Making it easy for people to find you is the Golden Rule for my Chicago PR firm. And this rule applies to any business or nonprofit or job hunter, too. Yet, so many people fail to add phone numbers and other contact information in all communications touch points.
Surprisingly, this topic touched a nerve recently among my LinkedIn connections. Nearly 700 people viewed my post and more than 30 people liked, shared, or commented on it, so I thought it was worth sharing with you, too.
A business journalist at a top-rated Chicago broadcast outlet recently called me to say: “You are one of the smartest PR people out there because it’s so easy to find your phone number online. I only have to Google your name and I can find your phone number in a second.”
While I was flattered by his praise, the reality is seconds matter to this reporter, because he faces deadlines every half hour. With instant access to me and the team at my Chicago PR firm, this reporter knows I’ll immediately find experts he needs. He knows I’ll find him a source quickly. Plus, when he calls me, my client experts get another chance to make news. It’s a huge win for my business.
It’s such a no-brainer! Yet so many people ignore their most valuable, yet underrated PR and business development tool – their phone number. If you’re one of them, consider this simple PR Checklist to make sure you are easily called and found when customers, partners, journalists and prospects search for you.
I can already hear the pushback about getting phone spam. Is it worth losing a business opportunity due to your anxiety of spam calls? You can take steps to prevent annoying calls or check with your phone provider about their features to prevent spam and robo calls.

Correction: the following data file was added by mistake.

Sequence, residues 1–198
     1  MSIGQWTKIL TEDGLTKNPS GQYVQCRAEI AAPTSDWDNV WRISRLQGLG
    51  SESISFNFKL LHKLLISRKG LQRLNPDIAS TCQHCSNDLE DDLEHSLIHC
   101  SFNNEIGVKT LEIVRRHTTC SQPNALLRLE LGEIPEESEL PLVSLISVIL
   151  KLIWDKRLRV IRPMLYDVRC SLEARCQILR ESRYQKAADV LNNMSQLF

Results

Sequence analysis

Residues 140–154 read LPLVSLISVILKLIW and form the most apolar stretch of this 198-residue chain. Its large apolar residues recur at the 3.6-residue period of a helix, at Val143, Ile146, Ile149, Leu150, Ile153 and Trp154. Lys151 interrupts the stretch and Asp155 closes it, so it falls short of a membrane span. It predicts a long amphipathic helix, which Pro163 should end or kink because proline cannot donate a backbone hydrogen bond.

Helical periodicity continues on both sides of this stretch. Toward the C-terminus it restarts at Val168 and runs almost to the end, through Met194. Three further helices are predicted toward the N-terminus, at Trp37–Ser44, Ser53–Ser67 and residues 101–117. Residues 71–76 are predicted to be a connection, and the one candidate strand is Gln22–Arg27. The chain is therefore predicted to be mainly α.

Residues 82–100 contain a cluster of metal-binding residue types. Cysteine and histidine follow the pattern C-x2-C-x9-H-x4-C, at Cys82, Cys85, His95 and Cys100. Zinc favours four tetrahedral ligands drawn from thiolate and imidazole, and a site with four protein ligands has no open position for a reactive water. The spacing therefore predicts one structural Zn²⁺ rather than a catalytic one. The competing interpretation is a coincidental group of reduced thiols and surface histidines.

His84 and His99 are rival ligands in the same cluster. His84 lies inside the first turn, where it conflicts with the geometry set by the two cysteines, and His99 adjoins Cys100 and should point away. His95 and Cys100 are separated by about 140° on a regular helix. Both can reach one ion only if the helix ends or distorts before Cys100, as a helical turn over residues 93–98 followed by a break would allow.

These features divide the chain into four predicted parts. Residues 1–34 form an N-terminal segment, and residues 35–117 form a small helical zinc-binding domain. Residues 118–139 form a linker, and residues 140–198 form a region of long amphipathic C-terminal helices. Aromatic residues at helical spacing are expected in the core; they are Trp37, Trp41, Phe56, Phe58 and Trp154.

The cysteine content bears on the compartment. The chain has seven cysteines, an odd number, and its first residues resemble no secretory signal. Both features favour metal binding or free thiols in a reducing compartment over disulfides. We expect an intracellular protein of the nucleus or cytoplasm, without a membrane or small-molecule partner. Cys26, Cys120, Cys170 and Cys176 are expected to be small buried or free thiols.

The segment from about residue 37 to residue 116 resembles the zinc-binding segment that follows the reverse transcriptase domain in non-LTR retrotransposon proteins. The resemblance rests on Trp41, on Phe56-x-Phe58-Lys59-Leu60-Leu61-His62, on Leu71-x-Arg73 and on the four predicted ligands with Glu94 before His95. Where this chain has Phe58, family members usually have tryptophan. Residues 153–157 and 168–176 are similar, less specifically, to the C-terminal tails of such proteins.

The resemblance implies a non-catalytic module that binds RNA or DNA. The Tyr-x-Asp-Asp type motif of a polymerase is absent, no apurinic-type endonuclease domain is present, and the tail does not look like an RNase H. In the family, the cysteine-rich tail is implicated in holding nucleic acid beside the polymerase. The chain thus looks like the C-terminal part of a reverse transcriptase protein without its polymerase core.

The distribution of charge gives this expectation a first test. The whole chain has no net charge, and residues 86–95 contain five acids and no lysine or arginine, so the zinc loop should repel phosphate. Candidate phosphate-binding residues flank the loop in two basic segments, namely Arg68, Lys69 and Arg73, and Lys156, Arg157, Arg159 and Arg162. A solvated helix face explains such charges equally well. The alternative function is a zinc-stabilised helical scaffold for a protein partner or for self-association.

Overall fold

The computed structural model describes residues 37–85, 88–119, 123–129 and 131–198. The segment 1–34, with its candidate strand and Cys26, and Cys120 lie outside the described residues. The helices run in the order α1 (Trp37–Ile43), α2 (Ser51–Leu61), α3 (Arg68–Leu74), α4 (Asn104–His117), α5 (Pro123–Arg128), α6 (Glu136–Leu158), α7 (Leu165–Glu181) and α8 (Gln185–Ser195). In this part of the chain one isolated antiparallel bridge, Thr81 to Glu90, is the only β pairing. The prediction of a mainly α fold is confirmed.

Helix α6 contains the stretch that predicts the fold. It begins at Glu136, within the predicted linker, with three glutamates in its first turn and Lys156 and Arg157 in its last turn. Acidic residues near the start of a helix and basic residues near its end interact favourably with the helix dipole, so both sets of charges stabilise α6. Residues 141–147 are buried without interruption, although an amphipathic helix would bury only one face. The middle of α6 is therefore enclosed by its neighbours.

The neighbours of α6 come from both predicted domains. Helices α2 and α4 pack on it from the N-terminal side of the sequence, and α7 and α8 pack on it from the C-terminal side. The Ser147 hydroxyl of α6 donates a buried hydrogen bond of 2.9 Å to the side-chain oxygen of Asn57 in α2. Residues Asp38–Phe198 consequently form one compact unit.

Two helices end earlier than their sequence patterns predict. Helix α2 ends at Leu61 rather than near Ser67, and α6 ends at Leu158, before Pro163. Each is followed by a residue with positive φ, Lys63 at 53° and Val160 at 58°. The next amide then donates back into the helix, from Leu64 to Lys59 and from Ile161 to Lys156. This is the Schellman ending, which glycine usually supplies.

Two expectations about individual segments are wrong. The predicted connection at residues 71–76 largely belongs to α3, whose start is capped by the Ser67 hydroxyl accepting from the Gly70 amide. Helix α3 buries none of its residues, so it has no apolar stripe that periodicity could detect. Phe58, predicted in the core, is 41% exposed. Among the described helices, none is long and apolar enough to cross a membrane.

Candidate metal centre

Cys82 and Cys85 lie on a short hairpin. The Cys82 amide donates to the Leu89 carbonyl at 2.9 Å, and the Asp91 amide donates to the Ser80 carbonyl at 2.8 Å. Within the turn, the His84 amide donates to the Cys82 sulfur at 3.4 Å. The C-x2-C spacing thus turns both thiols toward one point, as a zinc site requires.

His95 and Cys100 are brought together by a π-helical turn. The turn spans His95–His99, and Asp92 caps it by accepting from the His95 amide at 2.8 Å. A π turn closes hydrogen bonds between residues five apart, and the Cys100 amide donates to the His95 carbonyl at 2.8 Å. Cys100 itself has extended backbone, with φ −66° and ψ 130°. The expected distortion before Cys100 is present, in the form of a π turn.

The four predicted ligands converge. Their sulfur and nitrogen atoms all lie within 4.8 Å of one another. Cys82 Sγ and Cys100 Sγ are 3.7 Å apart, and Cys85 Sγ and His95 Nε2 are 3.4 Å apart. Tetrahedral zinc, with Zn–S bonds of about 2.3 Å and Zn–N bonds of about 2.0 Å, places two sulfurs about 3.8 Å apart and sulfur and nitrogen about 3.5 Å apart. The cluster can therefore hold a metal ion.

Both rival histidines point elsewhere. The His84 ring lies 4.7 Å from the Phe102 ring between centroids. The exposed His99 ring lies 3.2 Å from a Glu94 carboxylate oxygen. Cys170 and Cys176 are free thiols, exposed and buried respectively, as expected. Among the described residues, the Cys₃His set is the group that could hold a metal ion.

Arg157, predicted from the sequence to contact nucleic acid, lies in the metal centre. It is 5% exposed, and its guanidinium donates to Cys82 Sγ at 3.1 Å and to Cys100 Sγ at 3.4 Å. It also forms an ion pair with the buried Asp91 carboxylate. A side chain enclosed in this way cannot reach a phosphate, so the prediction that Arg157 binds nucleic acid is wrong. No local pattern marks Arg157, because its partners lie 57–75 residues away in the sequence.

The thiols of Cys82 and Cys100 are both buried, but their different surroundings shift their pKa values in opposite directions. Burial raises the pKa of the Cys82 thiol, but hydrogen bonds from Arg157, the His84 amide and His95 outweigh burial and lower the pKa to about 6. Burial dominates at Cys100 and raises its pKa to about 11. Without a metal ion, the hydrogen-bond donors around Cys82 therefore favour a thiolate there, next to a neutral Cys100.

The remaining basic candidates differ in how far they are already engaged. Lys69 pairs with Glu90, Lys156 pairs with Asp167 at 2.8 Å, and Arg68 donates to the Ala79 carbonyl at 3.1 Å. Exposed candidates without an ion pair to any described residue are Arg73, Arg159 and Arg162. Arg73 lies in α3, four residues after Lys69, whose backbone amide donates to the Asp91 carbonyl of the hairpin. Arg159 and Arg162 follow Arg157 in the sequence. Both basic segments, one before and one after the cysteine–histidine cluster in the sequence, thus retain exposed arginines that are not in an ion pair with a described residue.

Six PR Tips: Why & How to Share Your Phone Number
In Your Signature Line
An unscientific count of emails I received this past week in my Chicago PR agency inbox show roughly 40 to 50 percent don’t include any contact information in their signature, which is astounding. Email is the lifeline communication for clients and colleagues, so you’re missing an opportunity by failing to share your phone numbers with people with whom you already know and value. My signature line includes both office and mobile phones, as well as my web site and email address. Everything is conveniently found in one place. I believe by refusing to insert your phone number into your signature line, you’re telling your own business contacts “Don’t bother me.” Is that what you really intended?
You should ALWAYS include your contact information in your presentations. Your phone, email and website info should be at the bottom of every page in a templated presentation.
This is so important when presenting to influential people or C-Suite execs with whom you don’t frequently interact. If you snag the chance to present to a client’s Board of Directors, be sure your contact information is in the presentation. I learned that value when the Chairman of the board pulled my number from a presentation deck and referred me to someone.
Let’s say someone requests your bio, and you send it along, assuming if they need your email and phone, they’ll find it in their inbox. What if that someone forwards your bio to a friend, who will not know how to contact you. Don’t leave it to chance; add your contact info!
New Business Proposals
If your proposals are on your company‘s letterhead, be sure your contact information is in your template or on the first and final slide in a slide deck. I make sure it’s inserted in my Thank You page, with a specific call to action for further discussion.
LinkedIn and Other Networks
Understandably, many of us are skittish about adding a phone number to all of our social profiles. At a minimum, provide your phone, email and post address on LinkedIn, the world’s #1 professional network. For Facebook, Twitter and others, a minimum of your personal email address will get you found among new potential audiences.
Business Cards — I almost forgot!
I certainly haven’t handed out a business card lately. Will COVID-19 make the printed business card extinct? That’s a discussion for another time. For now, I invite you to share your thoughts and let me know if any of these PR tips have worked for you.